Read today’s young whipper-snapper pundits on the topic of Trump’s refusal to concede to Joe Biden – amid widespread concerns the defeated president will refuse to leave the White House on inauguration day – and you’ll get the impression such a thing has never before happened in the United States.
But ask any Georgian of a certain age – such as myself – and you’ll be told: “Been there, done that.” We’ll recall how, in early 1947, following the 1946 election, not only two but three men claimed the state governorship.
And some of us can point out ways in which that nasty affair was loaded with other parallels to what’s going on now.
The key figure was Eugene Talmadge (1884-1946), a former three-term governor who in so many ways was similar to Donald Trump. Let us count some of the ways.
Populist in atmospherics, while actually promoting the interests of the 0.1%? Check.
In the 1930s Talmadge as state agriculture commissioner advised laissez-faire self-reliance for farmers suffering through the depression. In 1936, at the Democratic National Convention, he voted against Franklin D Roosevelt’s New Deal.
Lax, to put it mildly, in his financial ethics? Check.
“Our Gene” used Agriculture Department funds to pay for annual family trips to the Kentucky Derby. Accused of misappropriating $20,000 to manipulate prices in the hog market, he told supporters, “Sure, I stole it. But I stole it for you!”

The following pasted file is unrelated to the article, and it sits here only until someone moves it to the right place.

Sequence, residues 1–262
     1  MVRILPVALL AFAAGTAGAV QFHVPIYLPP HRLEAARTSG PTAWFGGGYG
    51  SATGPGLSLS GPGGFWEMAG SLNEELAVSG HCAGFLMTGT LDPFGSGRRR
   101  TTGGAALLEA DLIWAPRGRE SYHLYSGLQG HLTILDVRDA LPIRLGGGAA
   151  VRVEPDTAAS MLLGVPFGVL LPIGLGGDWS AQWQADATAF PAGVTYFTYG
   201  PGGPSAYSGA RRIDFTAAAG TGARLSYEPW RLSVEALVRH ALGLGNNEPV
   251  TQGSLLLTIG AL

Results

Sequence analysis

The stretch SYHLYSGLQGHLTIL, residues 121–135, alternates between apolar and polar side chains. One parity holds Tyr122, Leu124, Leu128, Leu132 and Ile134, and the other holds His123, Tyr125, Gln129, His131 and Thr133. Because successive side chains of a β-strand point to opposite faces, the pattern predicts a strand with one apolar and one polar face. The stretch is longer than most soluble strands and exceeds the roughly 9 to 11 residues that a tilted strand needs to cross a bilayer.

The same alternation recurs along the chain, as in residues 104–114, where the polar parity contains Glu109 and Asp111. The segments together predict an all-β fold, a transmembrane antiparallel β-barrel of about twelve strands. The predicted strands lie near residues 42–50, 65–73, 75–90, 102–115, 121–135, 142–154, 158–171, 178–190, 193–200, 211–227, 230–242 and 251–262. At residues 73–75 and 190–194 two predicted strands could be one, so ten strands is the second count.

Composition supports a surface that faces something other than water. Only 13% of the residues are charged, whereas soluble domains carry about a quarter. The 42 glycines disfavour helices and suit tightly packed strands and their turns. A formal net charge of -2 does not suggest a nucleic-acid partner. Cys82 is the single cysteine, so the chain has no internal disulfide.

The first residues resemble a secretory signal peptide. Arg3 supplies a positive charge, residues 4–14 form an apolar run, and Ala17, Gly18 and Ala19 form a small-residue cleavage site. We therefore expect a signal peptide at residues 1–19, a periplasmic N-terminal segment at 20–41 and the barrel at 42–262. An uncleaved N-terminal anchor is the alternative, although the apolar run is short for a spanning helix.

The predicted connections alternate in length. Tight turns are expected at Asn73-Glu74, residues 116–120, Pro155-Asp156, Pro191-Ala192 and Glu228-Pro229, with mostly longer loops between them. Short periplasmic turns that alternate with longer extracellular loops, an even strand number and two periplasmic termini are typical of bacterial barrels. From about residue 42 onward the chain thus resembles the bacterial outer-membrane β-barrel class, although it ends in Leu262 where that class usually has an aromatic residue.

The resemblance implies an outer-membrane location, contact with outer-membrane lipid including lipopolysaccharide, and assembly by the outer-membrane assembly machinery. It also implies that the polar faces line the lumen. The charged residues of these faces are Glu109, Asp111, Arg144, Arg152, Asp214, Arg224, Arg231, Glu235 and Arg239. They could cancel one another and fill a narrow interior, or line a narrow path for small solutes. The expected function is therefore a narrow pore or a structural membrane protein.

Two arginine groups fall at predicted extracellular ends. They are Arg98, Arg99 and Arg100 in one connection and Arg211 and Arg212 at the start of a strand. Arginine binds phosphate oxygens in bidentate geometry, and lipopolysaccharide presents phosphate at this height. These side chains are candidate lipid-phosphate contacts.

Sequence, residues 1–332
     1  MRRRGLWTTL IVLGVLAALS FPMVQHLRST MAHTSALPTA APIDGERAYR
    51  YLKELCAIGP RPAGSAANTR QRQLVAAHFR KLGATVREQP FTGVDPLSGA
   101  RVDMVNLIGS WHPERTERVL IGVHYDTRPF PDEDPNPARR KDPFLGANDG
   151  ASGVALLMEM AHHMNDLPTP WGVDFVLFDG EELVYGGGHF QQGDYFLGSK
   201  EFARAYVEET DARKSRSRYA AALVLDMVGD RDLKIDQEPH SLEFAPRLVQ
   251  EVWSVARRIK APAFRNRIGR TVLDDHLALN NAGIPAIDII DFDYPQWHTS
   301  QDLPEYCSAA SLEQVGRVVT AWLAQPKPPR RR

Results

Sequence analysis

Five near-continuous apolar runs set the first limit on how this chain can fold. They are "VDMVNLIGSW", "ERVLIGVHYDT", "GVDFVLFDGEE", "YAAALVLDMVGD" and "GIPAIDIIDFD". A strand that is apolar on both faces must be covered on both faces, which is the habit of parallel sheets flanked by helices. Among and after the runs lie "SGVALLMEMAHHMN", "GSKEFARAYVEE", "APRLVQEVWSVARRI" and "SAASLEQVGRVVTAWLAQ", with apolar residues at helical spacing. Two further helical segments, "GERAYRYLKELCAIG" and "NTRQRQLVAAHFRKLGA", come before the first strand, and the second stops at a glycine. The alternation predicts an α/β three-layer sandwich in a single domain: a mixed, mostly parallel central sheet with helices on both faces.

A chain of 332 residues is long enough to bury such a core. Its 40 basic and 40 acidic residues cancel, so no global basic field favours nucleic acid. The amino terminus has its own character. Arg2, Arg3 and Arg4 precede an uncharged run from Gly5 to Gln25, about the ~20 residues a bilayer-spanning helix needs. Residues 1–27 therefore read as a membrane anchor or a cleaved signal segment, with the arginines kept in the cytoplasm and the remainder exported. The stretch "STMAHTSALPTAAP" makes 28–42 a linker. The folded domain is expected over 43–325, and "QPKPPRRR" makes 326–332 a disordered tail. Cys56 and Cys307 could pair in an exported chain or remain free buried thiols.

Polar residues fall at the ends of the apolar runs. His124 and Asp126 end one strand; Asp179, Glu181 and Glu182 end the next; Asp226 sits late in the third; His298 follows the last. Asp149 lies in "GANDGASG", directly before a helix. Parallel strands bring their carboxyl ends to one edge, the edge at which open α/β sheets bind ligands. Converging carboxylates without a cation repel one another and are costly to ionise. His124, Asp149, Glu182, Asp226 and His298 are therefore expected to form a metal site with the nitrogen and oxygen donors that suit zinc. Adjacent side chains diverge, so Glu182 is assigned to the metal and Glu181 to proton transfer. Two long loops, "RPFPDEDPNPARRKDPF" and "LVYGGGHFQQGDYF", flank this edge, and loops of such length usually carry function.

Distinctive headgear? Check.
Talmadge’s devoted white, rural followers were termed the “wool hat boys,” although in warmer months many preferred Panamas.
There were no Proud Boys back then but Talmadge’s Georgia was Klan-ridden. His main issue in the 1946 election was his promise to restore the Georgia Democratic Party’s white primary, which a federal court had just outlawed.
His opponent, James V Carmichael, was a New South “progressive Democrat” who later would famously say: “I sicken of these people who are always waving the Confederate flag and telling us what a glorious heritage the South has. No one denies this heritage, but too many of our people want to keep on living on who they are and where they came from.”
Upholding the Electoral College against the popular vote majority? Check.
Talmadge was elected in a one-party state thanks to a Democratic primary that worked pretty much like the national Electoral College. The county unit system gave two votes to the tiniest rural county and a maximum of only six votes to an urban county. Atlanta’s Fulton County, with 556,326 people according to the 1960 census, had the same say in an election as the state’s three least populous counties with a combined population of 6,980.
Determination to connect directly with voters in rallies? Check.
Talmadge was a wild showman and orator who loved his rallies. Carmichael, although never accused of hiding out in his basement, was a moderate businessman who – even if it had been his style, which it wasn’t – was physically unable to strut and pace on the stage due to a childhood automobile accident that had left him (like Roosevelt with his polio) mostly wheelchair-bound. (Full disclosure: My dad had worked under Carmichael at the wartime B-29 bomber plant in Marietta, knew him well and actively campaigned for him.)